BYRON SLATER

Border Solution Task Force

San Diego

Networks dishonor veterans' sacrifices

Was our National Moment of Remembrance forgotten or merely ignored? By presidential proclamation (and with the support of a bevy of organizational co-sponsors), 3 p.m. local time on Memorial Day was designated as a National Moment of Remembrance. In theory, all radio and television stations were to offer a retrospective and feature the playing of "Taps" while Americans paused to remember the sacrifices that helped secure and preserve their freedoms.

So, there we were, veterans of every American conflict since World War II, gathered in Arlington, home of our nation's most sacred shrine, to answer once again our country's call for a moment from our lives to remember the fallen.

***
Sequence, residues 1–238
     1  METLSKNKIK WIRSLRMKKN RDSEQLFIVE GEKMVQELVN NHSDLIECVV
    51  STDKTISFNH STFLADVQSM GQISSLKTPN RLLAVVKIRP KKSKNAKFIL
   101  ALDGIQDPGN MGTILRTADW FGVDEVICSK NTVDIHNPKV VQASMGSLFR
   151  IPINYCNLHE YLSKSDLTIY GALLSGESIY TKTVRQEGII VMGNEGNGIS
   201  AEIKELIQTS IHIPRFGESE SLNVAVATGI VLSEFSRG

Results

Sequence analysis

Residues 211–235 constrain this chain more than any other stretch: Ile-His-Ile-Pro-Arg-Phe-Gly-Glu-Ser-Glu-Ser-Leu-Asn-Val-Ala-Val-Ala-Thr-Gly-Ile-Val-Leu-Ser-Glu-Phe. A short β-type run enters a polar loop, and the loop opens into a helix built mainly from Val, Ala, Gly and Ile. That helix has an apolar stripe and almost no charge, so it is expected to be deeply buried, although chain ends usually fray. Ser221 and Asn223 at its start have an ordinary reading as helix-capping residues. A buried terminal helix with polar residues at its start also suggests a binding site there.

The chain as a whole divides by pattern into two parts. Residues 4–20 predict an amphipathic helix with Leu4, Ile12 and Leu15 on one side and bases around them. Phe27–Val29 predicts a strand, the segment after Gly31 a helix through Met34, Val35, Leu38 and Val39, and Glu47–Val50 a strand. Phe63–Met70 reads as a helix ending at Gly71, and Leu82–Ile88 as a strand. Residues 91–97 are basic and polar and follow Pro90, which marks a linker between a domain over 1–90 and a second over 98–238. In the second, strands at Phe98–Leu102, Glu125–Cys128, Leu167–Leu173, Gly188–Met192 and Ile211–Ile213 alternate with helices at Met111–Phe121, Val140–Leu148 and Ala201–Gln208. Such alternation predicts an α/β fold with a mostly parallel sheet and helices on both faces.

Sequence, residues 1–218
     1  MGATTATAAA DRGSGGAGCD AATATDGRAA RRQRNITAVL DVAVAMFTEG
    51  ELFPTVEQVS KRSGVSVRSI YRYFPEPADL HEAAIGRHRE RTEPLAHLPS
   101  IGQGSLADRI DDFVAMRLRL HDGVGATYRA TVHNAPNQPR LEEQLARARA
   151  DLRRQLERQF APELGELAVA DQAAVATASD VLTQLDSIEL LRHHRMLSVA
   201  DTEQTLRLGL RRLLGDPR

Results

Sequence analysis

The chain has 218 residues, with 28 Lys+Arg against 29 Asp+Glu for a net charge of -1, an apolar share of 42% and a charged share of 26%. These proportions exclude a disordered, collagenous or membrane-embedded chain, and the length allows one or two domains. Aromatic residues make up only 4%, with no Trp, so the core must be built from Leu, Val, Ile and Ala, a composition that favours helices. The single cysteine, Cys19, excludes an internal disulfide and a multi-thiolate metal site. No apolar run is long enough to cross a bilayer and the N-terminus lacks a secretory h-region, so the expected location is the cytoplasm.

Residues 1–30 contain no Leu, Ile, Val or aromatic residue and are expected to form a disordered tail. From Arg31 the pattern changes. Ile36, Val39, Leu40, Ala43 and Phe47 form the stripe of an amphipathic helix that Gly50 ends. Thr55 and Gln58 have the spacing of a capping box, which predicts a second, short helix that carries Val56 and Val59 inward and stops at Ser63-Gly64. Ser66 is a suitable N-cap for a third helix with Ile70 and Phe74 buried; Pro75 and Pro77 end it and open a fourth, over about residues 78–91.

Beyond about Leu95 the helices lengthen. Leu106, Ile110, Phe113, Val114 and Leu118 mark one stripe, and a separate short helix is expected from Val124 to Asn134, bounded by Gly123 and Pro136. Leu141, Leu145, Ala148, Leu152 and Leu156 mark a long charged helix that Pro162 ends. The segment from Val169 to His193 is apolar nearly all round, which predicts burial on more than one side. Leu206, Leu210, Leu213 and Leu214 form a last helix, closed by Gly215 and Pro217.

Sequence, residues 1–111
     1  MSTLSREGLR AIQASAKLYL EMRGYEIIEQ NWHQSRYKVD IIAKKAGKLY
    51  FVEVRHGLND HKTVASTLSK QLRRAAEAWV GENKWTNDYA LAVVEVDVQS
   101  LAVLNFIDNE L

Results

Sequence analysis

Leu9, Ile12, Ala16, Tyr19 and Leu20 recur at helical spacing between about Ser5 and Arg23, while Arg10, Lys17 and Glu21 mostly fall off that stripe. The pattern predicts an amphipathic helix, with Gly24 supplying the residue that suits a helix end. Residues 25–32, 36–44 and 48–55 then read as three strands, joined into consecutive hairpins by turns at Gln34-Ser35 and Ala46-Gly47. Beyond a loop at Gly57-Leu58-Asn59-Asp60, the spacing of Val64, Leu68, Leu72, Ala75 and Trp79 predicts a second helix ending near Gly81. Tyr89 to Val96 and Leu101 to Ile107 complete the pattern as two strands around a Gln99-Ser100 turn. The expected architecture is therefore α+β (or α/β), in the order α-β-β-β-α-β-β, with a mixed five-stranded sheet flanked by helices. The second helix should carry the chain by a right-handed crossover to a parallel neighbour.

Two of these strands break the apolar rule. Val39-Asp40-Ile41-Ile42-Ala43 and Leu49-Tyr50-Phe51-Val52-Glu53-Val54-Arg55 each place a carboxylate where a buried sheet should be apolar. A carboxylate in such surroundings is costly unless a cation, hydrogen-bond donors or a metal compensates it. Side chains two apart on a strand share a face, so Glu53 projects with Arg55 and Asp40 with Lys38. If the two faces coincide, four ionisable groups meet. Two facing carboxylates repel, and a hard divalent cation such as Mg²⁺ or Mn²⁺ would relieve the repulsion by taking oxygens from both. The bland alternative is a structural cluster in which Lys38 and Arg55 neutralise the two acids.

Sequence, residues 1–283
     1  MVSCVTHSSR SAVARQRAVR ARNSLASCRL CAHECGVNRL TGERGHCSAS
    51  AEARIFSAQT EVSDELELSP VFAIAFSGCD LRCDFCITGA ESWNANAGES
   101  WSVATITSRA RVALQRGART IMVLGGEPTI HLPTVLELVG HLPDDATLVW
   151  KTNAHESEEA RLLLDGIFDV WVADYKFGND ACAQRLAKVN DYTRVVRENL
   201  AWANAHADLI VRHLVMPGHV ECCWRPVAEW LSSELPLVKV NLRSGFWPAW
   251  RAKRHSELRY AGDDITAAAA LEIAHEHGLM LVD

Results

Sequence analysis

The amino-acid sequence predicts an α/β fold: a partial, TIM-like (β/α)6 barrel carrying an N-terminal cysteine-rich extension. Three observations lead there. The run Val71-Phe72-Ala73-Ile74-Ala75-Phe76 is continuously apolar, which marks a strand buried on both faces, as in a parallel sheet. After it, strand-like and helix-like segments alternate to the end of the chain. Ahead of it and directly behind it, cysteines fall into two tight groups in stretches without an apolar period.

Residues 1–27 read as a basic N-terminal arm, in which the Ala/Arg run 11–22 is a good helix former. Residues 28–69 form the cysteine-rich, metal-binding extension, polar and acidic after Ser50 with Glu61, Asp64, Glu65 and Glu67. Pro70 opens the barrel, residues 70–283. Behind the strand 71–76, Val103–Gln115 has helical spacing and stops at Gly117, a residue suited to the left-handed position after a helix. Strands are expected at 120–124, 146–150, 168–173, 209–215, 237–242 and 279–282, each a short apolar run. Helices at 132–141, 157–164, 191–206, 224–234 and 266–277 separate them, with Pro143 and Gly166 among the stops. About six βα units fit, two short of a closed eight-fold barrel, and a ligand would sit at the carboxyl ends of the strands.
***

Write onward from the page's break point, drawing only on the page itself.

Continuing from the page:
So, what did we see at 3 p.m. from the media that arrogantly proclaim from Freedom Park in Rosslyn a stone's throw from Arlington National Cemetery that they preserve our freedoms? NBC: commercials and basketball. CBS: commercials. CNN: "Taps" broken into for an update on the day-old Oklahoma bridge collapse. Is 60 seconds so hard to come by?

"If ye break faith with us who die, we shall not sleep, though poppies grow, In Flander's Fields."


M.C. AGRESTI

Commander

John Lyon VFW Post 3150

Arlington, Va.

Don't budge on Burma

In his May 21 Op-Ed column, "Open the Doors to Burma," Ken Adelman writes that the United States should remove sanctions against Burma because 1991 Nobel peace laureate Daw Aung San Suu Kyi has been released from house arrest. His suggestion that Burma's illegal military regime will respond more positively toward a policy of appeasement contradicts her views and that of the Congress.